Summary: While Jonathan is in Whitby, tracing the progress of the fifty boxes of earth shipped aboard the Demeter, Mina goes to the asylum to meet Seward. She listens to the phonograph rolls of Seward’s diary, in order to learn more about Lucy’s death, while he reads her and her husband’s diaries. Jonathan returns, having learned from the men who transported them that all fifty boxes were placed in the ruined chapel of the abandoned estate, Carfax. He and his wife begin arranging everyone’s diaries and documents in chronological order, that all parties involved might have a clearer idea of the task that lies before them in defeating Count Dracula. In the meantime, Renfield, seemingly calm and collected, has begin to speak of going home. Seward chooses instead to keep Renfield under close observation, supervised by an attendant with a straitjacket at the ready.
Analysis: The brevity with which this chapter’s action may be summarized belies its symbolic and thematic import. First, the chapter mirrors within the text what Stoker has, by his technique of chronological interlacing, been allowing readers outside of the text to do all along. As Mina tells Seward, “In this matter dates are everything, and I think that if we get all our material ready, and have every item put in chronological order, we shall have done much” (p. 272). The characters in the novel are now experiencing the same revelation that readers of the novel have experienced (for instance, Seward now grasps the significance of the dates of Renfield’s outbursts, p. 274). As a mosaic picture is formed when individual stones are brought together into the whole, as the various characters’ fragmented experiences of these strange events are linked together in an orderly fashion, a full picture emerges of what Mina calls the “cruel and dreadful task” now lying before them. This chapter, then, encapsulates in itself Stoker’s narrative technique as a whole.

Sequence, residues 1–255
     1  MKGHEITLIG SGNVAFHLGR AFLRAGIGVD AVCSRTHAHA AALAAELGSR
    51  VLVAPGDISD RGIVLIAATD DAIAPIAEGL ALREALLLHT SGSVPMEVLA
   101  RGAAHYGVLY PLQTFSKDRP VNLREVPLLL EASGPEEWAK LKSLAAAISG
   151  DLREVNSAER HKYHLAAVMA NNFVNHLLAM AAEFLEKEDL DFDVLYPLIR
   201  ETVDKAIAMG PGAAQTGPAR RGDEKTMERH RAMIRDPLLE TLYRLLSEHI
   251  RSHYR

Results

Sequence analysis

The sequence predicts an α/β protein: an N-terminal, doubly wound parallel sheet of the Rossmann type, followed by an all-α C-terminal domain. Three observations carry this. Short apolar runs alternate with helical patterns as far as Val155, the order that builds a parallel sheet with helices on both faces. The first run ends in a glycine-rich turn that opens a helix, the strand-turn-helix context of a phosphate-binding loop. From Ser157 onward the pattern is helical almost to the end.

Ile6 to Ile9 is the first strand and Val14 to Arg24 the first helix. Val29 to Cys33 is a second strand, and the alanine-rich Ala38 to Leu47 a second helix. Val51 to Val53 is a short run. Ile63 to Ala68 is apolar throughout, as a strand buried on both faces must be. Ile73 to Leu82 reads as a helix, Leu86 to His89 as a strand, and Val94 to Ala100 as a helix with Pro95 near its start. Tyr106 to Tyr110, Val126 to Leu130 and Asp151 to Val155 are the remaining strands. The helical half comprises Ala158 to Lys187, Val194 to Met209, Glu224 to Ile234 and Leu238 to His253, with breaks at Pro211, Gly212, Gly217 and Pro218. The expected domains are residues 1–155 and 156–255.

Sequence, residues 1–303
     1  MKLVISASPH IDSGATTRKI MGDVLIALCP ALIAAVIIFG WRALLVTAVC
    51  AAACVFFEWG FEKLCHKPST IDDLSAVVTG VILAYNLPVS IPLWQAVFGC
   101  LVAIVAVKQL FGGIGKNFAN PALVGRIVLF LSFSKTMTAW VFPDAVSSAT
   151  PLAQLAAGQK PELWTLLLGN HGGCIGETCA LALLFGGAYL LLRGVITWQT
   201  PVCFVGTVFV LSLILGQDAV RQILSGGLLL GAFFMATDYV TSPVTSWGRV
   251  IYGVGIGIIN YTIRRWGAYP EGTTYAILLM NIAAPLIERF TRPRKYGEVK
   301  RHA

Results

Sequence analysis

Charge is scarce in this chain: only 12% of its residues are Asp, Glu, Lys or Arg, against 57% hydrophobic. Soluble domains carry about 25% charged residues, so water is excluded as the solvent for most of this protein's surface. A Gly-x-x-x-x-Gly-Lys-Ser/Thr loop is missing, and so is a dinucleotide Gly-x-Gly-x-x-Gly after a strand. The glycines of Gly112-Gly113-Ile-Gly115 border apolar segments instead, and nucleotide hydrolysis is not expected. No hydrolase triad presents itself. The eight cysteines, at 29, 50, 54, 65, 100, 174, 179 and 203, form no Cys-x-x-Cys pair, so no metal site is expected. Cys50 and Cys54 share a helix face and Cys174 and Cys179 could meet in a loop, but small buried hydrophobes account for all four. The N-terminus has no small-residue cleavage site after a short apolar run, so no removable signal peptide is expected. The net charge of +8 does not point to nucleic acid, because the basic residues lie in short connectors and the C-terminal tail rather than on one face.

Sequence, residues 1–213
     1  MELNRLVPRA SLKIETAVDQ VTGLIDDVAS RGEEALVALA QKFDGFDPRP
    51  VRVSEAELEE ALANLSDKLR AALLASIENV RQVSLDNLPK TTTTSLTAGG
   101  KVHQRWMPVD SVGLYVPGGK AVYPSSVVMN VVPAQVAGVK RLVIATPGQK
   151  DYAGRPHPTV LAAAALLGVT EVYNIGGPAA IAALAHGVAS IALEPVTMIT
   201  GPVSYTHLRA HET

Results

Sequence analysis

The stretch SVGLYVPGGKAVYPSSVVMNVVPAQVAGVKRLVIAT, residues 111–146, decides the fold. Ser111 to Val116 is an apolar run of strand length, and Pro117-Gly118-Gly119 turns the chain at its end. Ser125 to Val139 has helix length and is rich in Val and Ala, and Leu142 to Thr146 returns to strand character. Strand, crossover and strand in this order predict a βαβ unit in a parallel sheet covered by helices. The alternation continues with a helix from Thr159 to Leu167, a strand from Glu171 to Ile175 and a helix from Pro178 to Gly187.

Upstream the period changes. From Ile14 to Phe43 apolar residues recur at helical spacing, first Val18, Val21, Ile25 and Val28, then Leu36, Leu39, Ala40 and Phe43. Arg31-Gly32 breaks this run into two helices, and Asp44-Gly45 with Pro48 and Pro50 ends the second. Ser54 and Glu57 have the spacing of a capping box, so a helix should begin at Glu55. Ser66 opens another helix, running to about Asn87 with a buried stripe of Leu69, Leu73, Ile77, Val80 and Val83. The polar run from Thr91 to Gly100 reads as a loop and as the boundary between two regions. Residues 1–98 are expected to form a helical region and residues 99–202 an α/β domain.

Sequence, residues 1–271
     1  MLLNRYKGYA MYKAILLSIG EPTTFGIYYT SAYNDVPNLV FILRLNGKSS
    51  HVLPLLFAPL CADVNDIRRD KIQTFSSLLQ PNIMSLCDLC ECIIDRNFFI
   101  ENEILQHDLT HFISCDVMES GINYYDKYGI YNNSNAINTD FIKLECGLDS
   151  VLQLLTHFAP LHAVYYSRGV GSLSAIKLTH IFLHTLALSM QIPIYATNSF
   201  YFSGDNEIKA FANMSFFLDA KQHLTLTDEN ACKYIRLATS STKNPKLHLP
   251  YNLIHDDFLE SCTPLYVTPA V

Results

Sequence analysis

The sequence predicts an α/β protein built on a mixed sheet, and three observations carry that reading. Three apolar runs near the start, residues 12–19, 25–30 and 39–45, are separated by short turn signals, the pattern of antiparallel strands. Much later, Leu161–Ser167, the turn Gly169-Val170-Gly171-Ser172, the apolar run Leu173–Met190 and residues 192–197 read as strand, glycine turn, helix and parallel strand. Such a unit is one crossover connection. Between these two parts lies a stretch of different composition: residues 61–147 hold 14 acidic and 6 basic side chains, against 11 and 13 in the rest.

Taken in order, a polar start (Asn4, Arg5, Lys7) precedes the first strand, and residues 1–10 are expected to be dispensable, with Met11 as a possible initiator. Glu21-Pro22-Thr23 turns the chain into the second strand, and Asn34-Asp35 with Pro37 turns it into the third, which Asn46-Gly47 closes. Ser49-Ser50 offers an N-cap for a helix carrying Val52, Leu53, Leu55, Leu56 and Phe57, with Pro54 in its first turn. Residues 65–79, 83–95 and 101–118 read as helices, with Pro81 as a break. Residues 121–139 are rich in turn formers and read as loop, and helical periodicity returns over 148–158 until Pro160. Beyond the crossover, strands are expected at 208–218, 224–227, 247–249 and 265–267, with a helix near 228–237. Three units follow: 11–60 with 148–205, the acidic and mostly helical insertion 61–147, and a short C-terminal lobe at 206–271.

More importantly, perhaps, this chapter makes a thematic argument that “reading” the words of another is a way to gain knowledge of the other. The term “reading” must be used with qualification, of course, since Mina technically listens to Seward’s phonograpic diary; nonetheless, the basic point holds true. “You do not know me,” Mina initially tells Seward; “When you have read those papers—my own diary and my husband’s also, which I have typed—you will know me better.” In parallel fashion, Seward tells Mina that, once she listens to his phonograph rolls, “you will know me better” (p. 270). This phonographic diary, especially, seems to possess revelatory power in regards to the one who recorded it: after listening to it, Mina says she knows “the anguish of [Seward’s] heart” (p. 271). And note how, while Mina and Seward begin their process of mutual “reading” in separate rooms (p. 270), they move, after Mina has listened to Seward’s recordings, into the same room to continue the process (p. 272). Being able to read everyone’s individual accounts as a collective whole, then, not only yields the practical result of better informing the characters of what they face; it binds them together in a very intimate way. As Mina declares, “We need have no secrets amongst us; working together and with absolute trust, we can surely be stronger than if some us were in the dark” (p. 271). Count Dracula’s “relationships” (if one can call them that) with his minions are based on deceit and domination; in contrast, true human relationships among the living must, as Mina recognizes and articulates throughout this chapter, be based on honesty and respect (and such related qualities as “esteem and gratitude,” p. 279). As we have seen, trust has been an important theme in Stoker’s novel (most recently, Van Helsing’s efforts to gain the belief and trust of Seward and Holmwood). Trust, Stoker could be arguing, is essential for the defeat of “the dark.” Human relationships depend upon it. That trust can be engendered, to some degree, by reading the truthful texts that each other produces (as opposed to deceitful texts—note how Jonathan catches a glimpse, in Mr. Billington’s office, of “one of the letters which I had seen on the Count’s table before I knew of his diabolical plans,” p. 275). The proper use of words, Stoker may be arguing, is to convey truthfully the contents of the heart (“I wish I could comfort all who suffer from the heart,” p. 279)—and thus prove, as Mina decides after her encounters with Seward’s words, that “the world seems full of good men—even if there are monsters in it” (p. 273). This kind of communication, in other words, becomes a survival strategy for humanity.